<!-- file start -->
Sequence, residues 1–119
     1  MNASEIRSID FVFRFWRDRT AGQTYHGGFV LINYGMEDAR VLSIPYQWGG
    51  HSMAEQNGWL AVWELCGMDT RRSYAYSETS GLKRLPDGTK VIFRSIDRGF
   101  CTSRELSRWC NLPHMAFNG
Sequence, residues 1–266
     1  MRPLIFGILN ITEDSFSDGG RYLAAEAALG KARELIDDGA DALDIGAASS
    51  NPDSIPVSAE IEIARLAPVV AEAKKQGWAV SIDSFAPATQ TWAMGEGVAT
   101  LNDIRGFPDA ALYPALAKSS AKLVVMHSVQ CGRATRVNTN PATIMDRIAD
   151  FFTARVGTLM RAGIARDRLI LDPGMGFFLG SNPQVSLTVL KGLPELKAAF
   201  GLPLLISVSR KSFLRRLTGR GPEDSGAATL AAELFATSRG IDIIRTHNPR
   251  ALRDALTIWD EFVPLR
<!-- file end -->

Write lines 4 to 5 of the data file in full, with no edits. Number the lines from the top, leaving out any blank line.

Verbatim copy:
   101  CTSRELSRWC NLPHMAFNG
Sequence, residues 1–266